September 30, 2004

Editors don't even recognize reporting when they see it anymore

You may already have read Wall Street Journal reporter Farnaz Fassihi's e-mail to friends about "the situation" in Iraq. If not, you should.

Journal editor Paul Steiger defends Fassihi's right to make personal observations about the war, noting, "Ms. Fassihi's private opinions have in no way distorted her coverage, which has been a model of intelligent and courageous reporting, and scrupulous accuracy and fairness."

The defense is proper, but there's something very odd about describing the e-mail as Fassihi's "opinions." To the contrary, 99.5% of it is not opinion at all but statement of fact based on Fassihi's reporting. I found only one sentence I'd call opinion: an Iraqi tells Fassihi that if Saddam Hussein were allowed to run for president, he would win, and she says, "This is truly sad."

There is only one other sentence some people might point to, and probably what Steiger had in mind: "The genie of terrorism, chaos and mayhem has been unleashed onto this country as a result of American mistakes and it can't be put back into a bottle." But that comes at the end of the long message, and would more accurately be called a fair conclusion based on all the reporting that comes before it.

The problem here is the modern journalistic notion of objectivity as a matter of "presenting all sides" rather than faithfully reporting the truth. Fahissi, through obviously careful observation, has determined what the truth is and feels free to tell her friends in a way that she can't tell her readers, because her editors will call it opinion. In print, she'd have to have an equal number of official lies and evasions to balance out what she's actually learned.

Fortunately, critics have started to rebel against this he said/she said model of objectivity. None have eviscerated it as shrewdly and effectively as this Daily Show parody of the Swifty controversy.

Posted by Daniel Radosh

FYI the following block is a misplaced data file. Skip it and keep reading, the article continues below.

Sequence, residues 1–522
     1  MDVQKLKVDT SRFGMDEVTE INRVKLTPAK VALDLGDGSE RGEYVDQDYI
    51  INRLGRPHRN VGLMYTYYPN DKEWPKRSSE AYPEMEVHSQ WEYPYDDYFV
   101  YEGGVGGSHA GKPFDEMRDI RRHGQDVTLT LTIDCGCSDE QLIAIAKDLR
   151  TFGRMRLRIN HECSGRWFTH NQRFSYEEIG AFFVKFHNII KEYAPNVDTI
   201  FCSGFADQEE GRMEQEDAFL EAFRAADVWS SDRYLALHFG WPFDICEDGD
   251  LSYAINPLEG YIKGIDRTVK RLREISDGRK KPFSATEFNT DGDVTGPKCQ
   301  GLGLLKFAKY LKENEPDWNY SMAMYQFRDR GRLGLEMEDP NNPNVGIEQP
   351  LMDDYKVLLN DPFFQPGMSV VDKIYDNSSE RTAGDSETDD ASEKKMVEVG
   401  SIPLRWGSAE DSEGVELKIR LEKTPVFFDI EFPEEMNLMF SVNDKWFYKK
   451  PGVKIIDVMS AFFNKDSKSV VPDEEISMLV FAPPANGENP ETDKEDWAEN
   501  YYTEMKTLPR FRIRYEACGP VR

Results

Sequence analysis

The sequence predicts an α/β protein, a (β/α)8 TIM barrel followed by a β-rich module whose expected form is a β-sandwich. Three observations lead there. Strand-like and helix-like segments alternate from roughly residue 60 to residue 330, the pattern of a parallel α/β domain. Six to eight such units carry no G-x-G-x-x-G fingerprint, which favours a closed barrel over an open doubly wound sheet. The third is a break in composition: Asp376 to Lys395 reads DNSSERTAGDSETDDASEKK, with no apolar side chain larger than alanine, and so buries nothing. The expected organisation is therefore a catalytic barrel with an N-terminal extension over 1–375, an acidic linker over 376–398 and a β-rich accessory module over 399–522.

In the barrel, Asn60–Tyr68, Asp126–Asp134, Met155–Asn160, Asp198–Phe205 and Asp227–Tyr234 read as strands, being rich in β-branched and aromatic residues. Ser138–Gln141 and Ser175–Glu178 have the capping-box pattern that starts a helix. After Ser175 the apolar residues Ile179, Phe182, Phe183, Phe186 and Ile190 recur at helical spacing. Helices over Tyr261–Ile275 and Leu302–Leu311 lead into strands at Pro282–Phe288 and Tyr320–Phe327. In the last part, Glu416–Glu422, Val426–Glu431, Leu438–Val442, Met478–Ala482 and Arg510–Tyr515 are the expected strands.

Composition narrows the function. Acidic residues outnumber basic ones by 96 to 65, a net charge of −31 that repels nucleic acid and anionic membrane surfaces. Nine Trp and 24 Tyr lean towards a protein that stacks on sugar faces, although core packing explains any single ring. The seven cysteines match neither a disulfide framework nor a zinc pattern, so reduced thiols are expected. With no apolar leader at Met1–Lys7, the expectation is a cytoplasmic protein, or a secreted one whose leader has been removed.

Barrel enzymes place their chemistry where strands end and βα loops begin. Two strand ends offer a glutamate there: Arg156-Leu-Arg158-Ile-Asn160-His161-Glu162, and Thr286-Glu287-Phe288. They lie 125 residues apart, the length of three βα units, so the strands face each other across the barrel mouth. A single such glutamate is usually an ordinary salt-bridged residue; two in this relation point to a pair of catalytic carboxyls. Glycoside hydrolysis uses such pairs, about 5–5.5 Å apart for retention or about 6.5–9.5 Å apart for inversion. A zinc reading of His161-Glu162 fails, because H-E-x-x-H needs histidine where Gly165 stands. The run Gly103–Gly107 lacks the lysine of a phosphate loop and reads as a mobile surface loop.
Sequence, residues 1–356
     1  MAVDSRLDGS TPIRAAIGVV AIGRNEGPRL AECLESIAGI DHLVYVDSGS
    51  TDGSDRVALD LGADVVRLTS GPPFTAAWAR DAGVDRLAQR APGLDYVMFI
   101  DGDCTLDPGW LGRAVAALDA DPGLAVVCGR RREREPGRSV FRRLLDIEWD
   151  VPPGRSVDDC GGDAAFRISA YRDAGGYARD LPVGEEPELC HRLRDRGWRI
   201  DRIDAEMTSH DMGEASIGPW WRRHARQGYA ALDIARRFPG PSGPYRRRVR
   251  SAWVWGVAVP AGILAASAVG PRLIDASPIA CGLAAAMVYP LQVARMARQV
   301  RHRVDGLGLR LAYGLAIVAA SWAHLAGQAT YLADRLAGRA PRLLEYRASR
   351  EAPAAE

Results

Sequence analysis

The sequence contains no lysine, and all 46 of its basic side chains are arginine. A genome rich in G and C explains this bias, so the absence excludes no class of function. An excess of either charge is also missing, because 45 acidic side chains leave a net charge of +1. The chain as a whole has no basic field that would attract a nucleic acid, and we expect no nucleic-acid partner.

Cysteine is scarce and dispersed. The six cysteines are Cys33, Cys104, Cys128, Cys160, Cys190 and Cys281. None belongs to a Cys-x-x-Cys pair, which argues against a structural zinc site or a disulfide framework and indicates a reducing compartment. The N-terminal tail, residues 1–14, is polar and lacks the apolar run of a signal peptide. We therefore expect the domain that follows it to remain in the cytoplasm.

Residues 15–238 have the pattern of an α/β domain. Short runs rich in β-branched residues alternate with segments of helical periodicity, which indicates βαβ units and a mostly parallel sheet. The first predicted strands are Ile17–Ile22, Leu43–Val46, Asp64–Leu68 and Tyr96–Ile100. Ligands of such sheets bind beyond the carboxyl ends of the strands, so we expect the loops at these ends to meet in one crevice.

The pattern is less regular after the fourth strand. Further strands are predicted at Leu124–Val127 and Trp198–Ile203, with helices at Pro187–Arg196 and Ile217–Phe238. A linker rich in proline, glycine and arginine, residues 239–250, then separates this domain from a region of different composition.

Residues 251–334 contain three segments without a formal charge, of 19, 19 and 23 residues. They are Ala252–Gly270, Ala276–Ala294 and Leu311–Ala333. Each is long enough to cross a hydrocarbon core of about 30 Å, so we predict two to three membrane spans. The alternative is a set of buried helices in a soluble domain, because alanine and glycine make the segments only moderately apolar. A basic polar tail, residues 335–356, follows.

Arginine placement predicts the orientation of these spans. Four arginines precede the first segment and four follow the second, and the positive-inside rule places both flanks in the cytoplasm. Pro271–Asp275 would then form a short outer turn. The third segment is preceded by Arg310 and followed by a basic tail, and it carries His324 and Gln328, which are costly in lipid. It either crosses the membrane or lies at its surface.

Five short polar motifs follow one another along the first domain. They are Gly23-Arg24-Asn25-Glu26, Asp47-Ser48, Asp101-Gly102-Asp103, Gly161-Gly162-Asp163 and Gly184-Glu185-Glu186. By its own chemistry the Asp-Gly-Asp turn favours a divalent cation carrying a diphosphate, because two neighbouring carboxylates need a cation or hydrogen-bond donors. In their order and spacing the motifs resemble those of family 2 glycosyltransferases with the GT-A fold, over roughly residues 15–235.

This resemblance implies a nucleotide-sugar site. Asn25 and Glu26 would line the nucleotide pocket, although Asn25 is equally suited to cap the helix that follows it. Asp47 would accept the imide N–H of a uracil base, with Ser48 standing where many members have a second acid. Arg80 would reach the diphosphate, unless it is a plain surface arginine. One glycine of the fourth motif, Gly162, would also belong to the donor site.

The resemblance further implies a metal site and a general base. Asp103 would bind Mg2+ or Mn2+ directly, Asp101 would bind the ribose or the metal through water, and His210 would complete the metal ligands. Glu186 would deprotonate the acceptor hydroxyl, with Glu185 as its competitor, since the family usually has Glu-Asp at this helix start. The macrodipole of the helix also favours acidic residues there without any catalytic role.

There was another episode of the Daily Show where Stephen Colbert said it was unfair to report on the facts because the facts are all biased against Bush.

Meanwhile, the New York Times, in an effort to pretend they haven't been part of the problem all along, allowed this to appear in an Op-Ed piece:

"This [providing on substance instead of style at the debates] is ultimately a challenge for newspapers because television isn't interested, not even the cable networks with their longer political broadcasts. Indeed after watching the coverage of the Swift Boat story, it is easy to imagine an evenhanded cable exchange revolving around a political ad saying one candidate thought the earth was round. Its sponsor would be challenged on cable by someone who said the earth was flat. In an effort to seem fair to both sides, journalists can forget to be fair to the public."

Also, I got the full text of the Daily Show excerpt I posted yeterday off the rerun, and it makes me think they're reading your blog, or else you're moonlighting there:

Ed Helms: We [reporters] write the narraives in advance based on conventional wisdom and then whatever happens we make it fit that story line.

Jon Stewart: Why?

Helms: Because we're lazy. Lazy thinkers.

Stewart: What happens if actual news happens?

Helms: That's what bloggers are for.

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